Treasury Secretary Janet Yellen on Monday urged a global minimum tax rate on corporations in a push to assert U.S. leadership in ongoing international tax negotiations.
The goal is to prevent companies from relocating wherever they find lower taxes.
“Together we can use a global minimum tax to make sure the global economy thrives based on a more level playing field in the taxation of multinational corporations, and spurs innovation, growth and prosperity,” Yellen said in her first major speech since becoming Treasury secretary.
The message reinforced President Joe Biden’s recent call for raising the minimum tax already in place on U.S. companies’ profits from their global operations, in addition to increasing the domestic 21 percent corporate tax rate to 28 percent.
Biden would double the current 10.5 percent minimum tax on foreign profits to 21 percent.
Those tax proposals are aimed at funding Biden’s $2 trillion infrastructure plan.
Current talks: Yellen aims to advance Biden’s goals by forging international agreement on a minimum tax, leveraging negotiations through the Organization for Economic Cooperation and Development on altering cross-border tax rules in the increasingly digitized worldwide economy.
The current talks through the OECD, which have been going on for several years, are focused on two proposals: a minimum tax and a formula to determine where multinational companies get taxed and on what income. In total, the twin planks, dubbed Pillars One and Two, are meant to supplant digital services taxes on major U.S. technology companies like Google and Facebook that some nations have already enacted on their own, forgoing international cooperation.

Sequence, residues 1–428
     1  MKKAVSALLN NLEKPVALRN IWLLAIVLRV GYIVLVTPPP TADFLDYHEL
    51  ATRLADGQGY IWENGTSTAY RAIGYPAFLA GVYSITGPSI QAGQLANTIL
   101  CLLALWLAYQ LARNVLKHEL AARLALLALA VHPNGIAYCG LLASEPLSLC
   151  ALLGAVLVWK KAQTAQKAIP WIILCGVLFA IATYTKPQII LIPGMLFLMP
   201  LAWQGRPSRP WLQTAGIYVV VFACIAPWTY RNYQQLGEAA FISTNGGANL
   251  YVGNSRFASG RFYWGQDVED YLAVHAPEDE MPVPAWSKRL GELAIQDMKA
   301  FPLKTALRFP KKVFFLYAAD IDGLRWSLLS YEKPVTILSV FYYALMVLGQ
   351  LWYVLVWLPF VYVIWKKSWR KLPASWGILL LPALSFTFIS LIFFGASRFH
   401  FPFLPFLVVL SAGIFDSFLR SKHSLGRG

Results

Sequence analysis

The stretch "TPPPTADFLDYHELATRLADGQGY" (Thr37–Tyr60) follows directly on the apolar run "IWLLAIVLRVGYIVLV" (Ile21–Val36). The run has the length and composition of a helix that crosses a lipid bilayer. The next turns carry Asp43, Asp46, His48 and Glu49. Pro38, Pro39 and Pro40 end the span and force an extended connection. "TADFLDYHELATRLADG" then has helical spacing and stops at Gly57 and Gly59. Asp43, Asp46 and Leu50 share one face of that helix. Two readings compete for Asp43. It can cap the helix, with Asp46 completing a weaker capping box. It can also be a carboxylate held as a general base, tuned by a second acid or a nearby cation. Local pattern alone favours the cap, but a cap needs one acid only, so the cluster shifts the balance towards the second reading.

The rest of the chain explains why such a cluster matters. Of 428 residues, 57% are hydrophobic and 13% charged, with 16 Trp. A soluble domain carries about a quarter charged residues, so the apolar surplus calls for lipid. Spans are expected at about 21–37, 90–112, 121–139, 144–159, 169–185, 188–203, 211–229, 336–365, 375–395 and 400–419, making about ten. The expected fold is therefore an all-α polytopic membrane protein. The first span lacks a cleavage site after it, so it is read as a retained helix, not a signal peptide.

Some tax experts have said the U.S. has good standing to push the global minimum tax because of the minimum tax it implemented on American companies in 2017 for their global intangible low-tax income, known as GILTI.
The digital tax discussions will get high-profile attention again this week on the sidelines of the annual International Monetary Fund-World Bank spring meetings, which Yellen will attend virtually.
Since taking her post in January, Yellen has stressed the importance of multicountry alliances and made the case again in her speech, which she delivered online to the Chicago Council on Global Affairs. Her pitch for finding agreement on taxes and other fiscal policies stands in contrast to former President Donald Trump’s administration, which generally pivoted away from multilateralism in economics and multiple other matters.
Working collaboratively across borders is essential for economic stability, particularly as the world starts recovering from the coronavirus pandemic, Yellen said.
Pitfalls remain: G-20 countries have committed to reaching agreement through the OECD talks by midsummer, though hurdles that predate Yellen still present challenges, even with her more positive tenor around the negotiations.
A Treasury official acknowledged that reaching a “political agreement” by July on a global tax pact is “an ambitious goal” and that some countries may not get on board.
Ultimately, the U.S. might not even get on board, either. Convincing Congress is another test facing Yellen and Biden, given concern that the U.S. could lose tax revenue from an OECD-brokered arrangement that reshapes global taxing fundamentals.
Yellen will nonetheless press forward to turn around what she called “a 30-year race to the bottom” on corporate tax rates.
The U.S. hopes to “isolate tax havens and help ensure that corporations can’t engage in gaming the system as they have over recent years,” the other Treasury official told reporters. That includes changing U.S. laws to prevent companies from inverting and claiming tax havens as their headquarters, along with eliminating tax benefits related to offshoring.
“We’re looking to get as comprehensive agreement on corporate taxation as we can,” particularly on a global minimum tax, the official said. “Certainly having the major economies on board will make it much more effective in terms of implementation.”